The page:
7. Customer Focus
As trite and oft repeated a phrase as there ever has been. However, it’s never more important than now and even more so in 2012. Another paradox: with the millions of choices available to customers today, customer focus and customer service have never been more essential, yet it seems there is less of it than ever before. In fact, these are two intersecting trends going in different directions; as the demand increases (hunger, wish for, etc…) the supply decreases. What better time than 2012 to seize the opportunity. In fifteen years I have seen only three clients make the effort to create Customer Centered (patient centered) Organizations and cultures. I see that number dramatically increasing in 2012. It has to.
6. Peer to Peer Accountability
This might be more of a hope than a trend or a truth. Every year I hear clients say they need greater levels of accountability in the organization. Usually that means “everybody else needs to be more accountable… I’m doing just fine!” The trend I do see here is that most organizations are sorely lacking in the area of peer to peer accountability. They have not created the conditions, culture, or expectations that every individual can and should be calling their peers out on behaviors that are detrimental to the team, the organization, and ultimately the customer. Though this isn’t prevalent now, in 2012 organizations that truly want higher performance, more innovation, and greater customer alignment will need to foster greater peer to peer accountability. (Note: Addressing trends #1, 2, and 3 can help accomplish this.)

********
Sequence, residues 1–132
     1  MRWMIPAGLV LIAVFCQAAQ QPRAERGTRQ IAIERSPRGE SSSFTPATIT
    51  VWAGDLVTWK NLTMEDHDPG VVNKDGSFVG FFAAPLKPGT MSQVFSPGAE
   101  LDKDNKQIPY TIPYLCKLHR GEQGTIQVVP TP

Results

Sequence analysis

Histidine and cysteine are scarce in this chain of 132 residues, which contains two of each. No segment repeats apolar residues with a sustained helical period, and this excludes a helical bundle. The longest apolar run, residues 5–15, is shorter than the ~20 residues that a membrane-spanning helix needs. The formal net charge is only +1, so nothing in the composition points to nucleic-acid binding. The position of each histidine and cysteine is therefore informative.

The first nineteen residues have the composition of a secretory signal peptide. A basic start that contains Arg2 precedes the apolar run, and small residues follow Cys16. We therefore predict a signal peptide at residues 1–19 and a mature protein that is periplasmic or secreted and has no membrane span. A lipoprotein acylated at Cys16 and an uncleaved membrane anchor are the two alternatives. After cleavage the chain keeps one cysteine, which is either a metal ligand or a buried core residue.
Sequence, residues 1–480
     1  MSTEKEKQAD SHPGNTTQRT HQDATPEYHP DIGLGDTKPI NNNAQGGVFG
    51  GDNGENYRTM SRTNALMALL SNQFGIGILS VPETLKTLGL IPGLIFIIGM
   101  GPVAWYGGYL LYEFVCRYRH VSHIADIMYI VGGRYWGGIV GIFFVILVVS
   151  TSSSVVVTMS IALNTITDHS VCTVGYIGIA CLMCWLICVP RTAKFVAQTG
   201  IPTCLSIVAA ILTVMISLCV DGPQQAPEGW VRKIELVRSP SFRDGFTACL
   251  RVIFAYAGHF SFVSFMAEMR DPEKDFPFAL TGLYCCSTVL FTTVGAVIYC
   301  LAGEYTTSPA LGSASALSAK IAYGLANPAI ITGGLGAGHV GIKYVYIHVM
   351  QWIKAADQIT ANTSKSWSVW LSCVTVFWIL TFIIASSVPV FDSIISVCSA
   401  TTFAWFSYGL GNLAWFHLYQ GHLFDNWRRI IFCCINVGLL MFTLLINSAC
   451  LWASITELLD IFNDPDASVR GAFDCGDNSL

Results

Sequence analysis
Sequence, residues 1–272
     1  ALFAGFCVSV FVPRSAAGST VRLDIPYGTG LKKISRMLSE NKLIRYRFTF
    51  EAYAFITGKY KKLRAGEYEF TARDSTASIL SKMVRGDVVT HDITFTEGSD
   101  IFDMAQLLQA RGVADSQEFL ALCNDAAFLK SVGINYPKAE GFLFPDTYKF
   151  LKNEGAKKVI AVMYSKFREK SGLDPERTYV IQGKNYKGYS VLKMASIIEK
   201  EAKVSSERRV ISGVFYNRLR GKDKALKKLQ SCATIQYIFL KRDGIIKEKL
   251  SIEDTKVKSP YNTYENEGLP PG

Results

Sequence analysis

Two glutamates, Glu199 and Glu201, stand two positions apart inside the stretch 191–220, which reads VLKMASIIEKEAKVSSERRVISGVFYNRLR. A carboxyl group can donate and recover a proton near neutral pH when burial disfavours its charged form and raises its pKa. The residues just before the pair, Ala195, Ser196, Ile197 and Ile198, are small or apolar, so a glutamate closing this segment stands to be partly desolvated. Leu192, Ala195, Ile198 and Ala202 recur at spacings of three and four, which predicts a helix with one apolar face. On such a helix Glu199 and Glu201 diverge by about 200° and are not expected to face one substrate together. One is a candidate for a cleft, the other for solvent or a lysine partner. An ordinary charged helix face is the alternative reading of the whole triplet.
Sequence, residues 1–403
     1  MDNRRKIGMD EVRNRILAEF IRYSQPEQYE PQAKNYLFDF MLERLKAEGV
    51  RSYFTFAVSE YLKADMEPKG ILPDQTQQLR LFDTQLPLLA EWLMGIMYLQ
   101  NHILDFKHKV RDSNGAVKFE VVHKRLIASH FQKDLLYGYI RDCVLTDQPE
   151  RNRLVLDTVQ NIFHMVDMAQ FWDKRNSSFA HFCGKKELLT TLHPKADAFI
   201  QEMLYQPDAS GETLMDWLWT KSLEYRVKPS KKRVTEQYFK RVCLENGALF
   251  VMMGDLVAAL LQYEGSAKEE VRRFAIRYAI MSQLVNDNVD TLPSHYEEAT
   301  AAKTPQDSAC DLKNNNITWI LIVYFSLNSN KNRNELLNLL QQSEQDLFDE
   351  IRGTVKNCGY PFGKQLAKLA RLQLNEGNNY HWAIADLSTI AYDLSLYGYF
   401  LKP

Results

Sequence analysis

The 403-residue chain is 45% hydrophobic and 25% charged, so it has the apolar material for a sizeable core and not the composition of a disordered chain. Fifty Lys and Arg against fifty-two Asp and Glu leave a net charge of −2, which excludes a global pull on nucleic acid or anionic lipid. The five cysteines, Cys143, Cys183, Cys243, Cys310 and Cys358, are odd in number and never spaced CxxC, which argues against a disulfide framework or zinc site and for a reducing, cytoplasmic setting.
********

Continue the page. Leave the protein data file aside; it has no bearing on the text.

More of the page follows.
5. More Dialog
Even though I have been preaching this for a number of years I have seen it gain traction in 2011 and project this progress to continue in 2012. The trend for me personally is that I believe now more than ever that effective and abundant dialog is at the core of successful organizational culture. As I have peeled back the layers of organizational culture over the years, I keep ending up in the same place: there is not enough effective and abundant dialog in most organizations to sustain success, drive innovation or create the long term customer focus and change adaptability needed to compete in the New Reality. There is some dialog… in some organizations. More in 2011 than in 2010. Nowhere near enough for 2012, 2013, 2014…
4. Opportunity versus Entitlement
This is really a social and political trend that is quickly permeating organizational culture. Ironically it was the organizational abandonment of the paternalistic, family oriented approach to company culture in the late eighties and early nineties that started this trend and brought us to this point. It seems that there is an element of human nature that expects the current homeostasis to continue forever. That is – “whatever I got last year, I expect this year… and then some.” Add the environmental, political, and special interest factors and you can produce an entire generation who believe the world owes them, the company owes them, and the 1% owe them.